High Quality, Healthy Vegan Diet for $3.33 A Day

By Guest Blogger   |  22Comments|

Hello everyone! I’m so honored to do a guest post on CSL. My name is Melody Polakow and due to being laid off from my job as a vegan and raw foods chef in December, I am living on a very strict budget of $3.33 a day or around $100 a month for myself and two teen sons who live with me part time. I have always been a frugal cook by nature and grew up eating a vegetarian diet based on whole foods, fruits and vegetables. (Thanks mom!)

Eating high quality, healthy vegan food on a budget is very do-able, but it might require a shift in thinking when it comes to how you plan menus, shop and prepare your meals. There are several important steps I recommend if you want lessen your grocery bill without sacrificing the quality, taste and variety at the dinner table.

The first step is taking an inventory of what you already have in your pantry, fridge and freezer. I wrote everything down and started to plan meals around what I had on hand. I was fortunate to have had an abundance to start and that enabled me to only spend $1.80 a day or $50.00 in February. You can check out my starting pantry list here.

Everyone’s tastes are different, but here are some staples that I have found to be very useful: (Obviously, this is a very large list and most people do not have all of these on hand. Pick and choose which ingredients you use the most and build from there!)

Dry and Canned Goods
Brown rice
Unsweetened coconut
Whole grain pasta
Wheat berries (if you grind your own flour)
Nutritional yeast
Various dried spices
Vegetable broth cubes
White whole wheat flour
Baking soda
Baking powder
Sea salt
Canned tomatoes
Roasted red peppers
Pickled jalapenos
Canned pineapple
Unsweetened applesauce
Sunflower seeds (keep in freezer)
Raw cashews, almonds, walnuts (keep in freezer)
Sunflower, pumpkin, sesame seeds (keep in freezer)
Roasted peanuts
Chia seeds (keep in freezer)
Dijon mustard
Coconut milk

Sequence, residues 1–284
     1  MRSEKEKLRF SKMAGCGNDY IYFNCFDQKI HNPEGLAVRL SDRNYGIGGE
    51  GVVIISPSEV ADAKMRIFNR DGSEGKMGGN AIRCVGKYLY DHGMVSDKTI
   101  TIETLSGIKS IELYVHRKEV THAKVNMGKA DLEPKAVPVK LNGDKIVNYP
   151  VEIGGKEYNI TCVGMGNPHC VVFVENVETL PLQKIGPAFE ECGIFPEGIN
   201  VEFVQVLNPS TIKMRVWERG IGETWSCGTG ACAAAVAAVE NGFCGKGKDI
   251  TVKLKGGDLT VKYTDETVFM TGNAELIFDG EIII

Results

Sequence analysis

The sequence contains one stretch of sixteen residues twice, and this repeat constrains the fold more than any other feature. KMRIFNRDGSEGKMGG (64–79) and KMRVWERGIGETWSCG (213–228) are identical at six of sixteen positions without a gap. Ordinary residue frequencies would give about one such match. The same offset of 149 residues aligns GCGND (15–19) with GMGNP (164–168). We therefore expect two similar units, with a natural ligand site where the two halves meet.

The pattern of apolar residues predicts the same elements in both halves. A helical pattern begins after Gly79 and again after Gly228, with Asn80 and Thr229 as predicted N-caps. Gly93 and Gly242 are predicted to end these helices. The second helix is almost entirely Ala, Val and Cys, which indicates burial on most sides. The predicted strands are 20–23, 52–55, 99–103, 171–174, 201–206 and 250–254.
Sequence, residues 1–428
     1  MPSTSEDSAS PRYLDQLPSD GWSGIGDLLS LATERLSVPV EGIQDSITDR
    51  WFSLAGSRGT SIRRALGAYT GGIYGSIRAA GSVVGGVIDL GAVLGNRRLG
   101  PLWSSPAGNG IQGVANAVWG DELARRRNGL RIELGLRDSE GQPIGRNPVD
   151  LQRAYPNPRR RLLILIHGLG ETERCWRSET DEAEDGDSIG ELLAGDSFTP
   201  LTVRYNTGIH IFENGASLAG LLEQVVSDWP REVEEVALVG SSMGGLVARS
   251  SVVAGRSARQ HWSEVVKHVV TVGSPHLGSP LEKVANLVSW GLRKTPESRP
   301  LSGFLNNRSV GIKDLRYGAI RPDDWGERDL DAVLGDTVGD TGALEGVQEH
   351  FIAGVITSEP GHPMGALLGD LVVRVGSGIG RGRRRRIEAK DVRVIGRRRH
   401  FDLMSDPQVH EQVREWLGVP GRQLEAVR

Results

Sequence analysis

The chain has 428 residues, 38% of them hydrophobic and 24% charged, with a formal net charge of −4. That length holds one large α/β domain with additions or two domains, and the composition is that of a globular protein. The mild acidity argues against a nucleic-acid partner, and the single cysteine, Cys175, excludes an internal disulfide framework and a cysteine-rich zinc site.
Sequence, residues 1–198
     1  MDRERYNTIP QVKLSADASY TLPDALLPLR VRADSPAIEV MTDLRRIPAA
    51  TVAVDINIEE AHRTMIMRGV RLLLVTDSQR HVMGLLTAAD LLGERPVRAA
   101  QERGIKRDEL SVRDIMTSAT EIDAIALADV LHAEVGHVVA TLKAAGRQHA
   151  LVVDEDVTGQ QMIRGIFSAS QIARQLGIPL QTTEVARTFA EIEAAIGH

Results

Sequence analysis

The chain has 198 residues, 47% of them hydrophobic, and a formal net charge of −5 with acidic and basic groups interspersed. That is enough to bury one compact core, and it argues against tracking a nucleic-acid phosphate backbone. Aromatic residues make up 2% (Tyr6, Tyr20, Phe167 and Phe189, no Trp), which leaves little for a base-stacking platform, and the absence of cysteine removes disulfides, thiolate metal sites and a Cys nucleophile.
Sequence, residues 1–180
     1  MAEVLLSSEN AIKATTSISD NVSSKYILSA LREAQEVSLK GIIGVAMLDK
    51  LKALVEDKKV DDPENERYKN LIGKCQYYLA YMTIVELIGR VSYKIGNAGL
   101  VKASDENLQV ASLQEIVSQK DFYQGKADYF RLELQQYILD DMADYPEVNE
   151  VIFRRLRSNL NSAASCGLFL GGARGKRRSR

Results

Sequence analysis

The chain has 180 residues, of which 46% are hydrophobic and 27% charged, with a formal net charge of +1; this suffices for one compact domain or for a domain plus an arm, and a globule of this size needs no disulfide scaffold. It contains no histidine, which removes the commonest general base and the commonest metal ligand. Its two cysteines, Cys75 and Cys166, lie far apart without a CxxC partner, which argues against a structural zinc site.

Olive oil
Canola oil
Coconut oil
Hot sauce
Soy sauce
Toasted sesame oil
Concentrated lemon juice
Dried beans/legumes/lentils
Rolled oats
Steel cut oats
Golden flax seeds (keep in freezer and grind in coffee grinder) or
Golden flax meal (keep in freezer)
Active dry yeast (buy in bulk and keep in freezer)

Ok, so now that you have taken inventory you can start to plan your meals around what you have on hand or on several basic staples.

What has been working for me is to base the bulk of our meals on legumes and whole grains. I cook up a pound of dried beans and 2 cups of dried whole grain and use them in a variety of ways throughout the week.

For instance, a pound of lentils ($1.29) will yield around 6 cups of cooked. 2 cups will be turned into veggie burgers, 1 cup will be turned into meatballs, 2 cups will be used in our breakfast muffins and 1 cup will be turned into a soup.

I usually cook 2 lbs of different legumes each week. Chickpeas can be turned into hummus, pasta sauce, sandwich spreads, burgers, eaten in salads, in Indian food and in soups. I often freeze 2 1 cup portions of the beans right after cooking to ensure they will remain fresh later in the week.

The vegetables/fruits I have on hand most of time are kale, collards (I can get HUGE bunches for $1.29 at my local Market Basket in Portsmouth, NH), carrots, onions, garlic, celery, cabbage, cilantro, bananas, limes/lemons, frozen strawberries and sometimes apples. I look in our grocery circulars every week to see which fruits/veggies are on sale and plan my meals around them in addition to my staples. I was very excited to get a pineapple for $1.99 and find broccoli for $.99/lb today at a store I rarely shop at due to their high prices.

I have been baking all of my own bread. It is not as daunting as it sounds because I do an ever simpler version of No Knead Bread.

We enjoy pulling some out and making fresh English muffins (on the stove) to use as a buns for our veggie burger.

I hope that some of these tips have helped you! I am going to close with this easy recipe:

soup1Raw Thai Noodle Bowl
Serves 2

-3 large collards, chopped finely OR 2 spiralized zucchini (enough to -produce 4 c of veggies)
-1 medium carrot, shaved into noodle shapes
-2 c mushrooms, sliced and marinated in Braggs hot pepper and black pepper
-1 clove garlic
-2 inches ginger
-4 T dried coconut
-1 t toasted sesame oil (optional)
-Siracha to taste (or cayenne)
-juice of 1 large lime
-Braggs to taste
-3-4 c water
-stevia or other sweetener to taste
-1 c cilantro
-fresh mint/basil (optional but VERY good)
-sesame seeds
-black pepper

1. Chop the collards. I like to chiffonade then so they will be somewhat “noodle like”. I used a julienne peeler to peel the carrots into noodles.
2. In a blender place the garlic, ginger, coconut, sesame oil, siracha, lime juice, Braggs and water. Blend for several minutes (to get it warm) Add stevia or sweetener to taste. Pour over veggies and top with chopped cilantro, mint, basil and sesame seeds. Taste and adjust seasonings. I like to warm mine gently on the stove and I added a lot of hot sauce, so it really warms me up.